Napo Press Release: Union claims Probation services in Gloucestershire are in crisis

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Union claims Probation services in Gloucestershire are in crisis

The leader of the largest trade union representing Probation staff in England and Wales today claimed that service provision in Gloucestershire, part of the Community Rehabilitation Company (CRC) owned by Aurelius/Working Links is in a state of chaos and represents a danger to public safety.

Ian Lawrence, General Secretary of Napo (the trade union for Probation and Family Court workers) said: “The release of yet another damning report from Her Majesty’s Inspector of Probation (HMIP), about inadequate service provision in Gloucestershire is further proof that our predictions prior to the privatisation of the probation service have proven to be correct. This must raise serious questions as to whether Aurelius/Working Links ought to be stripped of its contract and the supervision of its clients restored to public control.”

The HMIP report by Dame Glenys Stacey says that higher risk individuals within the management of the National Probation Service (NPS) were well served, but that the picture is altogether different for clients posing a medium and lower risk of harm in Gloucestershire who are managed by the Bristol, Gloucester, Somerset and Wiltshire Community Rehabilitation Company (BGSW CRC).

The inspectorates report highlights systemic failures in managing the risk of harm, applying measures to help offenders move away from crime, and inadequate delivery of Court sentences. The inspectorate also says that despite the ‘heroic’ efforts of staff, the service provided by the Aurelius/Working Links enterprise was nowhere near the standard expected.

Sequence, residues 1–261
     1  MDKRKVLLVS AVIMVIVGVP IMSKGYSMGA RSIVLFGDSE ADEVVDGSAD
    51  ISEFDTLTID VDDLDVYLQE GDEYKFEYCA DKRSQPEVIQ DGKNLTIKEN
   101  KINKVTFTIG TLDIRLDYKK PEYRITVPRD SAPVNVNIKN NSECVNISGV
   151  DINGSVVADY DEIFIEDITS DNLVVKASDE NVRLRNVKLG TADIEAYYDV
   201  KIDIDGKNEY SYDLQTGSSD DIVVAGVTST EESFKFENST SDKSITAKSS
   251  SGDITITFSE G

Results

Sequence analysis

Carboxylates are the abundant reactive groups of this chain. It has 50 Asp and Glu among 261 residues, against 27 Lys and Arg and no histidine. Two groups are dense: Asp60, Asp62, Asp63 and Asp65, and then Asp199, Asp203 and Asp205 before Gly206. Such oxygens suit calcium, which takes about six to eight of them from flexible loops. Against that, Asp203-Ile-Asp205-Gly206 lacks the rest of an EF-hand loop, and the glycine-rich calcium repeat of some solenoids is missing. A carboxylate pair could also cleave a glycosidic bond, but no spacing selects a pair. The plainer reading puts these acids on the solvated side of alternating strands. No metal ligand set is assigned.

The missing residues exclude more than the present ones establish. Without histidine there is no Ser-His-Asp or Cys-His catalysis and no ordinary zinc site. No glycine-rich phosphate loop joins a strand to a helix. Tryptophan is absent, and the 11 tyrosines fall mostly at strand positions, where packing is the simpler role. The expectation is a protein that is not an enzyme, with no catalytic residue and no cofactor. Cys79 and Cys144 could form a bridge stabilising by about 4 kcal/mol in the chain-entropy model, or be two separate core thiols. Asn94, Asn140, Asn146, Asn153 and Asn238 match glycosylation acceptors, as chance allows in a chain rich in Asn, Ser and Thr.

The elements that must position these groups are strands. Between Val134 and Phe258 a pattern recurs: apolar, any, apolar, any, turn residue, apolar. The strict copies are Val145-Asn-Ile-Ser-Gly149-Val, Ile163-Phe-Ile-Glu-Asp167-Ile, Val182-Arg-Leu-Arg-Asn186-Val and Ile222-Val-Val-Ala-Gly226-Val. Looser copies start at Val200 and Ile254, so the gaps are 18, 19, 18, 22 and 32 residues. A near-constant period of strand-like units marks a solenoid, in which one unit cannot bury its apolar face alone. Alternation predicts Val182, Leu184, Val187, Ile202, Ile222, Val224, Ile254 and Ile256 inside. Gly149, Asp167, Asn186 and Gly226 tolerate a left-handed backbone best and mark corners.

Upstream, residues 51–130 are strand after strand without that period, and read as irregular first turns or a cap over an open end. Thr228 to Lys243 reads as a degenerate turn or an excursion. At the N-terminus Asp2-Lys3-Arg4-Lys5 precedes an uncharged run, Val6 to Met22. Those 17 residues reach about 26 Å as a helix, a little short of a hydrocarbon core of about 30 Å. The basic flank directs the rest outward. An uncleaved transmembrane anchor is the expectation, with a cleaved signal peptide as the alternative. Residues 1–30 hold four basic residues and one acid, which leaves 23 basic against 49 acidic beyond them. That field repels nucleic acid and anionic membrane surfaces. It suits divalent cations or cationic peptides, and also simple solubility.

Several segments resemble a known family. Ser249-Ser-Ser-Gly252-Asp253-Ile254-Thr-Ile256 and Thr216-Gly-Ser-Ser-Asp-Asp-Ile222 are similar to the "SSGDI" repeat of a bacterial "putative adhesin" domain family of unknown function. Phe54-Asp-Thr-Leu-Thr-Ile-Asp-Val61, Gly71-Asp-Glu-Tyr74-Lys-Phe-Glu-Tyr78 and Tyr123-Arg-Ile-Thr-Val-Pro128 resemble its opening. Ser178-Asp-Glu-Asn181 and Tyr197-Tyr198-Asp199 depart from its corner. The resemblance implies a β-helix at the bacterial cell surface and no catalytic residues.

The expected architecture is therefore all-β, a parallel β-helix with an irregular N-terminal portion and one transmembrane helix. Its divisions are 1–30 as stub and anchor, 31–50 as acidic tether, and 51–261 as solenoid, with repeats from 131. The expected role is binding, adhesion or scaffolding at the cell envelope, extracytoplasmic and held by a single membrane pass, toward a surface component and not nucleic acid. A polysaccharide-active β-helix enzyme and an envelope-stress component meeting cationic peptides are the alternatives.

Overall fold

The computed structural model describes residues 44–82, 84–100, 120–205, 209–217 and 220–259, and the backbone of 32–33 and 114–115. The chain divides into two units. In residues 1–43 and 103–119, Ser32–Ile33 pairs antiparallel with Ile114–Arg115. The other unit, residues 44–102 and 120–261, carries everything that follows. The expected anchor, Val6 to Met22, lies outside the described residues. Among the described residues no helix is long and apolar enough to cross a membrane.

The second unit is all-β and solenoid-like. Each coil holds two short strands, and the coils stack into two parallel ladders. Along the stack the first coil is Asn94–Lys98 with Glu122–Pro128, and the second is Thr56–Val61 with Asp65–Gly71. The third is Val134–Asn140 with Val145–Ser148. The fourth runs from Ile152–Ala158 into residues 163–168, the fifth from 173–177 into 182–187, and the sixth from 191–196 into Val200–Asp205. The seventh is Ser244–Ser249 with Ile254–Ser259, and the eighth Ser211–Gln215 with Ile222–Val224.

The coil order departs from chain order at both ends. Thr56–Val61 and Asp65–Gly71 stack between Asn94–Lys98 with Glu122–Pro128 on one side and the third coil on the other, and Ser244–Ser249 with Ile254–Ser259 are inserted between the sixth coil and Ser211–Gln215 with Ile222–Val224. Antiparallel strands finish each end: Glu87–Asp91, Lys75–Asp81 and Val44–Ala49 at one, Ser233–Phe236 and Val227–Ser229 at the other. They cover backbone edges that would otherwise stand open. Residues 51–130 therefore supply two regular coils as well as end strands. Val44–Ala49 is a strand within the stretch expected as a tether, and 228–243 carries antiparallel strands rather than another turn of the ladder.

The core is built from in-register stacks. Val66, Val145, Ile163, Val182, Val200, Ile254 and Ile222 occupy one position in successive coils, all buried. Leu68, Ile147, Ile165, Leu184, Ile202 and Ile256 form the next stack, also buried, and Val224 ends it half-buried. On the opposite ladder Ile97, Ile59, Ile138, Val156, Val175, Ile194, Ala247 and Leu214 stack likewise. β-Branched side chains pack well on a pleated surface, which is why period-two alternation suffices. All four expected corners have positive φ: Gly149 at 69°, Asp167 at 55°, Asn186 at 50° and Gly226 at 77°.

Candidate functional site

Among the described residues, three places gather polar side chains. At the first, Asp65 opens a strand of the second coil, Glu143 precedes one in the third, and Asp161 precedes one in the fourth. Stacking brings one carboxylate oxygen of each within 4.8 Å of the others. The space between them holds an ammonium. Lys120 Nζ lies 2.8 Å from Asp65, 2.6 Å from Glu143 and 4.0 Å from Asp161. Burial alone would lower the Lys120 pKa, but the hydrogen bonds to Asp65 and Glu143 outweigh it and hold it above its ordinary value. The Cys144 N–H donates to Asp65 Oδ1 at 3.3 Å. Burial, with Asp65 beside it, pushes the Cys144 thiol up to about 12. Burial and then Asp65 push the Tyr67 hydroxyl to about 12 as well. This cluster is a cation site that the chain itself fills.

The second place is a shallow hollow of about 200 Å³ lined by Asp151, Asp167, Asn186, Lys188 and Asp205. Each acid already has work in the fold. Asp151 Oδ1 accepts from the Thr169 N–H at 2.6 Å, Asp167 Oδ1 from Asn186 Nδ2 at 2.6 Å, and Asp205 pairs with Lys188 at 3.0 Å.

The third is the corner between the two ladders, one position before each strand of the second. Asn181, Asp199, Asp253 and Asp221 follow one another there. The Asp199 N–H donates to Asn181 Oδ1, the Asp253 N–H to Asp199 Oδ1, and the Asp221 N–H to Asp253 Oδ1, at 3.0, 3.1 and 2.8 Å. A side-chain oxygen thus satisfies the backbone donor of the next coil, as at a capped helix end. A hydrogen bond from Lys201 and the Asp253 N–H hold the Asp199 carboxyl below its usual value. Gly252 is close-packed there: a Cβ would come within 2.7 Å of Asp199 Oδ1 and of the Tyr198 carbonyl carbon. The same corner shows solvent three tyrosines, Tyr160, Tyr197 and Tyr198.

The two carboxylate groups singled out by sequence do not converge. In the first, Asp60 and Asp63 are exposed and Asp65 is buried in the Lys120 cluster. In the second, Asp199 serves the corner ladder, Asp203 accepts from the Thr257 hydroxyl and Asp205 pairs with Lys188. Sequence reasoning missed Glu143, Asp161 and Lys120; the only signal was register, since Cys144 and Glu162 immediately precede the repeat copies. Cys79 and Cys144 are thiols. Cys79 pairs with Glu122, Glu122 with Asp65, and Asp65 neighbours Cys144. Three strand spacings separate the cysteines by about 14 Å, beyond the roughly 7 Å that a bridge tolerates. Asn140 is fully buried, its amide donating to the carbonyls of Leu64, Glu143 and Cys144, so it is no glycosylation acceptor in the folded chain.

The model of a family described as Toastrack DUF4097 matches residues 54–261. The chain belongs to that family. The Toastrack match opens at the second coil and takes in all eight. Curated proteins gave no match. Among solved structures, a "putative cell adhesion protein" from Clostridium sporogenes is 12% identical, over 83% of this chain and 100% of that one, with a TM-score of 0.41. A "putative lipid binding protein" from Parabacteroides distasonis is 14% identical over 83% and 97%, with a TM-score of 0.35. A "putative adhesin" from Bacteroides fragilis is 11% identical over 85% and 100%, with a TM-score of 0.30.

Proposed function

The inspection looked at the quality of probation work carried out by the CRC and the NPS and assessed the effectiveness of work undertaken locally with people who have committed crimes. This was the second inspection of adult probation work under the control of a CRC owned by Working Links and the first covering the NPS South West & Central Division.

Ian Lawrence added: “This independent report is among the worst I have ever seen, but I am not all surprised. Napo and our sister unions have been in dispute for well over 18 months as we have tried desperately to get proper engagement with the employers who have refused to recognise the myriad problems that we have been raising and which have now been identified in the HMIP report. How this company has just been given another £4.5 million of taxpayer’s money is beyond belief.

“Our members report the sheer exhaustion of trying to maintain an unsafe operational model which offers minimal face-to-face supervision of clients. There are also huge problems as a result of staff cuts of around 40%, resulting in high absence figures, massive caseloads and a damaging loss of morale. In short, our members are telling me that their employer is unfit for purpose.”

The union is calling for a full Parliamentary enquiry into the impact of the Transforming Rehabilitation programme implemented by former Secretary of State Chris Grayling in 2014, which allowed private companies to manage probation services.

ENDS

MEDIA OPPORTUNITIES

Napo is the trade union and professional association for probation and family court workers and is recognised in the NPS, the 21 CRCs, Probation Board Northern Ireland and Cafcass.

Media opportunities should be directed via General Secretary Ian Lawrence on 07788 118005 or via Napo Headquarters on 0207 223 4887.

Notes to editors:

In June 2014, 36 Probation Trusts were abolished and probation work was divided between two separate organisations. The National Probation Service (NPS) was directed to manage offenders posing a high risk of serious harm to others and those subject to Multi-Agency Public Protection Arrangements (MAPPA). The NPS also had responsibility for probation services to the Courts, including writing pre-sentence reports, and for victim contact work. The rest of the probation work was allocated to 21 newly created CRCs. In February 2015, the CRCs were sold to private companies.